Two weeks. I was a mere two weeks from being able to help my baby. I pushed further and asked if it wouldn't be possible to stop my labor, if I were in fact in labor, so that I may get to 24 weeks and have the possibility of delivering my baby alive and able to receive medical intervention. I was told, "Medications to stop labor are ineffective until 24 weeks. The baby isn't viable until then."
Now, I know this is not all necessarily true, and very much depends on each individual case. We were also told that if I were in fact in labor, I probably had an infection and "it would be in the best interest of the mother to deliver the baby", even though that meant my baby would die. If I were to have an infection, then yes, as sad as it is, this is true. But I wasn't checked for an infection. I wasn't checked at all. For all they knew, I had started to dilate and was being sent home to deliver that little baby on my bathroom floor.
I was told to disregard my discharge instructions that stated I needed to go back to the hospital if I had more than six contractions in an hour, because "your baby isn't viable until 24 weeks, so it won't matter if you're in labor. There is nothing we could do about it. There's nothing we could do for you or the baby at this stage."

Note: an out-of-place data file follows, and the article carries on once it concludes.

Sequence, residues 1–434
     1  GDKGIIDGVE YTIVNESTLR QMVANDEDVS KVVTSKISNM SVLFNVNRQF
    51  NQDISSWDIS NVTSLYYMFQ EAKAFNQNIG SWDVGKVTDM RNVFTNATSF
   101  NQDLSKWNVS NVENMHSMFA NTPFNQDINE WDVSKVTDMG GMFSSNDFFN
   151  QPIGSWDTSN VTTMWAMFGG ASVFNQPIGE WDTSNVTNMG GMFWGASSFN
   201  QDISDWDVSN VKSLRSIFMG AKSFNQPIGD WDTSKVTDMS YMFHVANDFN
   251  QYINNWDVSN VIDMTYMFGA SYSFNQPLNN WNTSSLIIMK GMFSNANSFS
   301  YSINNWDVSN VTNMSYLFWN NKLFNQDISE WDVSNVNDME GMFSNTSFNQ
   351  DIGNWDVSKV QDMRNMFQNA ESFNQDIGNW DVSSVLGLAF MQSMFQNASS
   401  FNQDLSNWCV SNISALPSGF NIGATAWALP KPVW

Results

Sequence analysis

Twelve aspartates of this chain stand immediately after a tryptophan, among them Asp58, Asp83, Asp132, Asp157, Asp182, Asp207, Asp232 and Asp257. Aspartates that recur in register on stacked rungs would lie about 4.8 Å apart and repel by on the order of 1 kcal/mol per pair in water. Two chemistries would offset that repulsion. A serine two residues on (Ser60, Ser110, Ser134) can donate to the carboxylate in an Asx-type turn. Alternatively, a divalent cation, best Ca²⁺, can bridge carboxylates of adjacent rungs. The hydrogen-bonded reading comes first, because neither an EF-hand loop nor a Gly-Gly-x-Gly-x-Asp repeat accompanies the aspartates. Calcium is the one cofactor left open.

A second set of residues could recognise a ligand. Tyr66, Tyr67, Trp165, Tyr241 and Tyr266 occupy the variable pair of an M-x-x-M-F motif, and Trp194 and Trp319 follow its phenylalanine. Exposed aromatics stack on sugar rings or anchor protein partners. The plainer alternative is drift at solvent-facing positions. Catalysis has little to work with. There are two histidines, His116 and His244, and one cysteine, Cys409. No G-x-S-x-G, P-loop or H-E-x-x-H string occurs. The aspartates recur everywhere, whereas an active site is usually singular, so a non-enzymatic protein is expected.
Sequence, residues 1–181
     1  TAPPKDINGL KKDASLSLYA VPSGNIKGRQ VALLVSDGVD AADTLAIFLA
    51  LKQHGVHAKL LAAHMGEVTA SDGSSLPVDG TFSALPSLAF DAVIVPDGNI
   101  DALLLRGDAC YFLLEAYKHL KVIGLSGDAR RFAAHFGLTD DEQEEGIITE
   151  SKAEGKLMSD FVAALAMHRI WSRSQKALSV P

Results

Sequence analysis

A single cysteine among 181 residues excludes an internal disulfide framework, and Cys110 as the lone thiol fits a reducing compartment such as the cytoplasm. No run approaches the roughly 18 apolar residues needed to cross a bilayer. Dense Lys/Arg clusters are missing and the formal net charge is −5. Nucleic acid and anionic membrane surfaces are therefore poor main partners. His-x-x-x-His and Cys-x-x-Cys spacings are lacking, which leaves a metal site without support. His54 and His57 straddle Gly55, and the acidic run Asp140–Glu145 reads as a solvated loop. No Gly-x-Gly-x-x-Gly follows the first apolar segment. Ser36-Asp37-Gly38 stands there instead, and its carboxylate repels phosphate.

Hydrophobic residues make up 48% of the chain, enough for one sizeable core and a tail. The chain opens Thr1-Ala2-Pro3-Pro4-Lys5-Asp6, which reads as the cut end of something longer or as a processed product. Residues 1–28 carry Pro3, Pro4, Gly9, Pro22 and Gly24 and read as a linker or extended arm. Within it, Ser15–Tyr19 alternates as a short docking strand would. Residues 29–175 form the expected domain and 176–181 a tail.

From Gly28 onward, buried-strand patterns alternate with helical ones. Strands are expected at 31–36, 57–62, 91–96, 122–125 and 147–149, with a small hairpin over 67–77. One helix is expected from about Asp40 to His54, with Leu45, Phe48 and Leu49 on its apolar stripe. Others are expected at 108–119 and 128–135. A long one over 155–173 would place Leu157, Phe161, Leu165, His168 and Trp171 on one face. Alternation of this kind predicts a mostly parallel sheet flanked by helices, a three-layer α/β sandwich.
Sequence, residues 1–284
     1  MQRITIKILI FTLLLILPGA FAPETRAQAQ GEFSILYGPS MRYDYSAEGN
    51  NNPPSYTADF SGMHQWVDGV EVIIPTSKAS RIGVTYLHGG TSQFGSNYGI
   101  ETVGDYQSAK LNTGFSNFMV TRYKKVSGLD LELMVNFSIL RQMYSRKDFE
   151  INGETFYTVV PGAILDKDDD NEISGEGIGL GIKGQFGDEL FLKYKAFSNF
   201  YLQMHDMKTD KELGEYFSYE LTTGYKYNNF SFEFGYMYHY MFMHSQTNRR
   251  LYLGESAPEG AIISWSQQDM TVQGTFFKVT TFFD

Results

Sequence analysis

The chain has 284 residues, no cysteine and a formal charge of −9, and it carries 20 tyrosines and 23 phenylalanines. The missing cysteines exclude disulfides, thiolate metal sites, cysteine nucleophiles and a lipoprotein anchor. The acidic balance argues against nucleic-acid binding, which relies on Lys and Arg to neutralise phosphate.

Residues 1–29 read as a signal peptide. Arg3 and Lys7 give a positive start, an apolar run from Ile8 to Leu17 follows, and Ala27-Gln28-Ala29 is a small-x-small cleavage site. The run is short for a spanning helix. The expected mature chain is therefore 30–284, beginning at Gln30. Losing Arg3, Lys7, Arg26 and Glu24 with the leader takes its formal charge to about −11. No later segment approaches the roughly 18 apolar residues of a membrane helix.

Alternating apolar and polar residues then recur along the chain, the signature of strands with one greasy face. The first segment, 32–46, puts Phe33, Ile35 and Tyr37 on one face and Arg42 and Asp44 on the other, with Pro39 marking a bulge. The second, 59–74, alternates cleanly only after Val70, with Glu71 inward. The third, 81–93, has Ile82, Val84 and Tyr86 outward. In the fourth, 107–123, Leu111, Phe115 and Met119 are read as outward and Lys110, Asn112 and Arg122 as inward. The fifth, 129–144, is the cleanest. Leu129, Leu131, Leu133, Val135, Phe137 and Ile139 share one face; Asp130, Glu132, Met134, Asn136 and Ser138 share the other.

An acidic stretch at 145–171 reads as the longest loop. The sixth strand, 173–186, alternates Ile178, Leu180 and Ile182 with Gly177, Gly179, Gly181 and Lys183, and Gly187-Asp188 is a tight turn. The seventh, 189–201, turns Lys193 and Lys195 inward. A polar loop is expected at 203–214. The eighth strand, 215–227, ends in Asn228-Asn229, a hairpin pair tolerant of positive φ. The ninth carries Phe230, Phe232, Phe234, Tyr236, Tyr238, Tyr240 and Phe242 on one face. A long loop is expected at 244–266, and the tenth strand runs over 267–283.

We were told a number of things that night that didn't quite add up and I very much did not agree with, but that isn't the point of my telling you this story. Have you ever heard that saying, "You may not remember what they said, but you will always remember how they made you feel."? For some reason, in my conversations with the nurse about my history of losses and her lack of a sympathetic reaction to them, in the way she acted as if it was no big deal that I was a full three weeks further along than I was when I delivered Lily and to me this was such a big deal, in the way I was essentially told, "Your baby doesn't have a chance at life for two more weeks. Come back when it does," the way I was left feeling was that my baby did not yet matter, at least it wouldn't for 14 more days.
Well who decided that?
I wondered to myself what this particular nurse would have thought of my giving birth to a 19 weeker at that very hospital a little over a year ago. I wondered if she would have thought it was silly of me to grieve deeply for that baby, to name her, to hold her and take pictures of her, when she was a full five weeks from viability. I wondered if she knew I would go to the ends of the earth to save the baby I am now pregnant with, and would do absolutely anything to stop my labor and get the two more precious weeks it so desperately needed to survive. I wondered if she knew I would probably be up all night wondering if I had started dilating, wondering if I would be forced to do it all over again, to deliver a tiny baby with no chance of survival, but this time with the torturous knowledge that I was so incredibly close.